Nicaragua Medical Mission – October 2014

10628293_10202805708973494_8229004034091948296_nAlthough I joke about the travails of travel and the challenges faced working in a particular country, you should not think for a moment that I would change any of it. While most, if not all, the challenges revolve around navigating foreign bureaucracies, it is all part of the experience of doing what we do. Moreover, it helps us appreciate more the actual work being done; standing side by side with our foreign colleagues, providing a level of care/expertise and equipment that might not otherwise be available. At the end of the day, this is about the patients, not any of us, or the unyielding customs officer, or the hospital director napping at his desk.

With each succeeding mission I marvel at the care, compassion and dedication of those medical professionals who are patient focused each and every day – despite the distractions. This mission was no exception and, given the distractions, the success was that much sweeter. We were able to accomplish what we wanted and provide our local colleagues the equipment, training and support that they requested and that we promised.

IMG_0585We had two missions going at the same time; Chuck Durkee stayed in Managua and worked with Dr. Olivares, a pediatric urologist (as is Chuck). They handled many complex cases for which Chuck’s assistance and guidance were essential. Moreover, given that this was Chuck’s third time working with Dr. Olivares, he was able to provide follow-­up on previous training he provided. Indeed, Chuck remarked that since he was here last October, Dr. Olivares has performed more skin graft procedures that Chuck showed him, more times in the last year than he had done himself. The cases basically fall into three types (on an overlapping continuum), and all the cases here are congenital (hereditary). I think it is important to explain them in greater detail than normal so you get a sense for the complexity (as if operating on children wasn’t complex enough).

Less complex cases where our doctors are able to show local doctors different techniques or refinements to their existing techniques.

  • Two hypospadias (a congenital condition where the opening of the penis does not come out to the tip of the glans but opens somewhere along the shaft). Occurs in about 1 per 300 boys. 4 days post op the repairs on the two boys looked great.

Management of complications of patients previously operated upon.

  • In one case, a 3 year old girl had a single kidney. He repaired it, but the repair failed, and she was now draining through a tube in her side. Her blockage was both by the kidney and the bladder. We re-­explored the kidney, found the blockage, and hooked her back up. It was a very difficult surgery as there had been a severe infection after the first surgery and everything was scarred. She did well and was sent home after three days. When we return, we will fix the blockage by the bladder and she should be fine.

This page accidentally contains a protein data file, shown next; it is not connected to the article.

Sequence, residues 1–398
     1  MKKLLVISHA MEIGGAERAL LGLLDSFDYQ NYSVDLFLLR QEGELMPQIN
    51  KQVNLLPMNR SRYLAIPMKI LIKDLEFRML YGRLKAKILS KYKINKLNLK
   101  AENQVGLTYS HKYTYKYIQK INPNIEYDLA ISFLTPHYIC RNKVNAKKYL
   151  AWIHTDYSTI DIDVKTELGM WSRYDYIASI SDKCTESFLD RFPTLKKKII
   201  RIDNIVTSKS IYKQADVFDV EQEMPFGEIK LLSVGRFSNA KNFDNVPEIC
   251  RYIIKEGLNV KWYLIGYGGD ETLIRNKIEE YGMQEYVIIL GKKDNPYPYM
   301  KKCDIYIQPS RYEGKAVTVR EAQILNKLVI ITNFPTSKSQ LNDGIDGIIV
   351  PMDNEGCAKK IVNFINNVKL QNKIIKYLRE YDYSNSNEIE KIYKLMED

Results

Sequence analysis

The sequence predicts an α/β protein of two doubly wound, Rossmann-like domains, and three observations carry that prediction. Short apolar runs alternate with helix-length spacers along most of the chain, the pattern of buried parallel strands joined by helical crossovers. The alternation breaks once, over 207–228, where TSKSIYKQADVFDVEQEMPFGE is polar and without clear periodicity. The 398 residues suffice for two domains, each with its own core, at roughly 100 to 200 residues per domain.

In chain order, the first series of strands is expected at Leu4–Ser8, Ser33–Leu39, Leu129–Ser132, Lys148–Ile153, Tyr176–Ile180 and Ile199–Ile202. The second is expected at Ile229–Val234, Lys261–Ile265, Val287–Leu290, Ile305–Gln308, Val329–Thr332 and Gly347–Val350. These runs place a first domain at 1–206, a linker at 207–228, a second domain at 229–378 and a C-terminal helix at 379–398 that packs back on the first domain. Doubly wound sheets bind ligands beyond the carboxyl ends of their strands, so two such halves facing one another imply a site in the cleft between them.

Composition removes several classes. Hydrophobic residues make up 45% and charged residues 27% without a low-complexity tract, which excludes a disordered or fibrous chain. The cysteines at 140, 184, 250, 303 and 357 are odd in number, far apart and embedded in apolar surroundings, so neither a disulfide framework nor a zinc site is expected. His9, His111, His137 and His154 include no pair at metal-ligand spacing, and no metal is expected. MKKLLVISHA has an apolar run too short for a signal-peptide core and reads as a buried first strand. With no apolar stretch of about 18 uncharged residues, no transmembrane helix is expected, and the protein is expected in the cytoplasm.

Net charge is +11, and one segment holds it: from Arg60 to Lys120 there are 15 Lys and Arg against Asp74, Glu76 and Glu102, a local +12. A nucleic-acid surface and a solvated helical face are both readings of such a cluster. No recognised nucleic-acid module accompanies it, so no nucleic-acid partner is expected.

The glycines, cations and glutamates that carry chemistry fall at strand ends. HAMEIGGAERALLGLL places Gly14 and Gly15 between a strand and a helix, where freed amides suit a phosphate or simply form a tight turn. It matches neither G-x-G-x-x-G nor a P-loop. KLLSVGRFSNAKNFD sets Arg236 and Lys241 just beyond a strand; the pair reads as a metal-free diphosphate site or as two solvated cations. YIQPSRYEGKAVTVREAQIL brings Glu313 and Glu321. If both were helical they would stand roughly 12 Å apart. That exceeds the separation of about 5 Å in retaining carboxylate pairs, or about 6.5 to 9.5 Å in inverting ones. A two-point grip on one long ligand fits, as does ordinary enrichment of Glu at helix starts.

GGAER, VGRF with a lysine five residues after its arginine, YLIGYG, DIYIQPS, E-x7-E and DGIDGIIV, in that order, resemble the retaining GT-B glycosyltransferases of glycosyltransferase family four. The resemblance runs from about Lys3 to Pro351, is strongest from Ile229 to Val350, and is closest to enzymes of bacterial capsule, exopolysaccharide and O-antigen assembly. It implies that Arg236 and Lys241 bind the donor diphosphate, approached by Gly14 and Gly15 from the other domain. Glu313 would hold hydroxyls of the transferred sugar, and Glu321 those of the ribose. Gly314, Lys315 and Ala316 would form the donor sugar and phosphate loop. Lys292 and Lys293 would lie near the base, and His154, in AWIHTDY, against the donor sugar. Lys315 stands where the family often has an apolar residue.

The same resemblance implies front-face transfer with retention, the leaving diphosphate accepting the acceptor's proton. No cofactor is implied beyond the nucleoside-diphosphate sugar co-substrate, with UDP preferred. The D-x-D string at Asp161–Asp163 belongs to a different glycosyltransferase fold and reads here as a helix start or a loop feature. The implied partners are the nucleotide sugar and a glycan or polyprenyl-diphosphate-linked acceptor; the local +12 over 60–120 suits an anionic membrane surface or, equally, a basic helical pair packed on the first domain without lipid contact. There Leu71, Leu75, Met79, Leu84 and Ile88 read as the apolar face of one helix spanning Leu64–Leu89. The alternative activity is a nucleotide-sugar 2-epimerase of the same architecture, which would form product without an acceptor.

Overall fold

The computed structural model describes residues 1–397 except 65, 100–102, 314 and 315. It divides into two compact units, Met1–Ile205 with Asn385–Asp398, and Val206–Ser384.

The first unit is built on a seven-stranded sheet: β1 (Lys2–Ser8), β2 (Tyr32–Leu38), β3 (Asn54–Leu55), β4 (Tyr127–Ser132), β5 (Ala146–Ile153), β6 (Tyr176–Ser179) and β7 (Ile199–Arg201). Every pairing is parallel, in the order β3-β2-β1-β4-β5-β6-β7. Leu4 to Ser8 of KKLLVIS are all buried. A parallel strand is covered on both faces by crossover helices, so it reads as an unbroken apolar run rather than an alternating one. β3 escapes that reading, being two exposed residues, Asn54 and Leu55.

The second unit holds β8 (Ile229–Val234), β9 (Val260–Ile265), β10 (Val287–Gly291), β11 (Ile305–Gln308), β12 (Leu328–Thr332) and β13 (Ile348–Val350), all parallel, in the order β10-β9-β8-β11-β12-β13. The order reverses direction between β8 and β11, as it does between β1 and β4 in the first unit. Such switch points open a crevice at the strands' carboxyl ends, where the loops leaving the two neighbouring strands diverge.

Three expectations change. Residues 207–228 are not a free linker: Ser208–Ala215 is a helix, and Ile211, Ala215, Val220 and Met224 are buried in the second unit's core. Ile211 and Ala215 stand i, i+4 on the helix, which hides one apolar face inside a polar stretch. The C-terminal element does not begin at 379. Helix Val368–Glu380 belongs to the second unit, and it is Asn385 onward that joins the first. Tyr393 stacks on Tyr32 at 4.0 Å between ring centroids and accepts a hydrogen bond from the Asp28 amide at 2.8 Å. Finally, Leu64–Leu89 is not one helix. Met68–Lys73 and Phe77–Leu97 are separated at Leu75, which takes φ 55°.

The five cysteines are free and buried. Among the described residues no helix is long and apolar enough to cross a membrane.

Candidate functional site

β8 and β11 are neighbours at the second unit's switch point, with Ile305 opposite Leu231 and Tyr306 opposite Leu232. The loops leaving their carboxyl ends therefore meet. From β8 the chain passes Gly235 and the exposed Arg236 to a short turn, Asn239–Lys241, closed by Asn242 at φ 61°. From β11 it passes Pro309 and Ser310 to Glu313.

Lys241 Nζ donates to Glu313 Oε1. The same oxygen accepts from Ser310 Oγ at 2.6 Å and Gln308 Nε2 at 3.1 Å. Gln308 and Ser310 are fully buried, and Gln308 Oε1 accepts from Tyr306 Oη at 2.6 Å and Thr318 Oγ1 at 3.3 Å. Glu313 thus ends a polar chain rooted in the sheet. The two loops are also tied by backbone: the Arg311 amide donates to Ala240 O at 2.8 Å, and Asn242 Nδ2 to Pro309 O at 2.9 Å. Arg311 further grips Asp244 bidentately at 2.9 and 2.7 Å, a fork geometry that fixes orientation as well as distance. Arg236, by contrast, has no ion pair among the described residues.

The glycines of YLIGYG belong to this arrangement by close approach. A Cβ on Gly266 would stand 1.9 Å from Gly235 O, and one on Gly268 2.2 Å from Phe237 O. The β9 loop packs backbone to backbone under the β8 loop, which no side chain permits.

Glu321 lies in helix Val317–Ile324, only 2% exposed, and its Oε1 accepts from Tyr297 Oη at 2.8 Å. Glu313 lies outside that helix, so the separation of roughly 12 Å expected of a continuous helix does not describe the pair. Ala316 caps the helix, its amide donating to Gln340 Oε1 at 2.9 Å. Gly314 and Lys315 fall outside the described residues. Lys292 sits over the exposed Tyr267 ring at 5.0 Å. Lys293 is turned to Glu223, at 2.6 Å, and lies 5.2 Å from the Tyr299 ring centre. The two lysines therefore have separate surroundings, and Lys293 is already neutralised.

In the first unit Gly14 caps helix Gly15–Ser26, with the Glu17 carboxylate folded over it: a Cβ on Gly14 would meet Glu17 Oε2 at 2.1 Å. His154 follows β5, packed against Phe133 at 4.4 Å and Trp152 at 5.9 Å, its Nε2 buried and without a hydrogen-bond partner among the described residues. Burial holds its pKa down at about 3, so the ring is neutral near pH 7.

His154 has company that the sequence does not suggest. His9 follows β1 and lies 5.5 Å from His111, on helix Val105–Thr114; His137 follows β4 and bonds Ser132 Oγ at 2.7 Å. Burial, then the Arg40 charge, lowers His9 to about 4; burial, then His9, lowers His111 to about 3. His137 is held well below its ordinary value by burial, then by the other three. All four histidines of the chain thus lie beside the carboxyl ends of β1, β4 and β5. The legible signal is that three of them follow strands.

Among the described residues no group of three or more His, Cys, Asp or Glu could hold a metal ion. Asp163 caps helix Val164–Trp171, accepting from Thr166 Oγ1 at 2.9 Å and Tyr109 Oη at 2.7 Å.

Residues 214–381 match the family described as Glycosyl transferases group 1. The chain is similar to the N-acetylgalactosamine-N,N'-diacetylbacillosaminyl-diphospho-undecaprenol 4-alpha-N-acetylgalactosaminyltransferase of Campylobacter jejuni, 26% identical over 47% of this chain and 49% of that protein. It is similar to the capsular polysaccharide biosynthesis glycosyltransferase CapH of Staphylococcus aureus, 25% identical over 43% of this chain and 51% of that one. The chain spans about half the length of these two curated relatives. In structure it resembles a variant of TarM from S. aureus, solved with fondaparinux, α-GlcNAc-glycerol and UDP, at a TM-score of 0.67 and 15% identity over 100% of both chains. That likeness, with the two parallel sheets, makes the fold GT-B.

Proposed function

• A baby with ureteroceles (a peculiar congenital blockage of the ureter where the ureter enters into a blocked “bubble” in the bladder rather than directly into the bladder as is normally the case). Dr. O had punctured the bubble to get better drainage, an accepted technique, but now there was massive backing up, or reflux, from the bladder to the kidney. We opened the bladder, took out the bubble, narrowed the ureter (it was about 5 times normal diameter) and hooked it back in. The goal is for it to remain unblocked, without reflux.

Management of rare complex anomalies for which Dr. O requested help.

  • A 14 day old infant had mild heart and lung problems. He had a normal appearing penis but on the top of the penis was a small opening leaking urine. He had only one kidney. Right above the penis on the lower abdomen was a round area of thin skin without muscle beneath it. We did a cystoscopy and found: two urethras, one through the penis, one through the small draining opening. They joined together at the level of the prostate. When we entered the prostate area, going deeper we found two openings, each which lead to a separate bladder. There was only one kidney (the left) but it drained into the right bladder. The area of thin skin ballooned up like a water balloon. This is the rarest variant of a rare problem, called covered bladder exstrophy, occurring one per several 100,000 live births. The duplicated bladders make it even rarer. These patients leak continuously until corrective surgery. But, since there is no blockage, and the single kidney is functioning well, it can be safely corrected at a later age.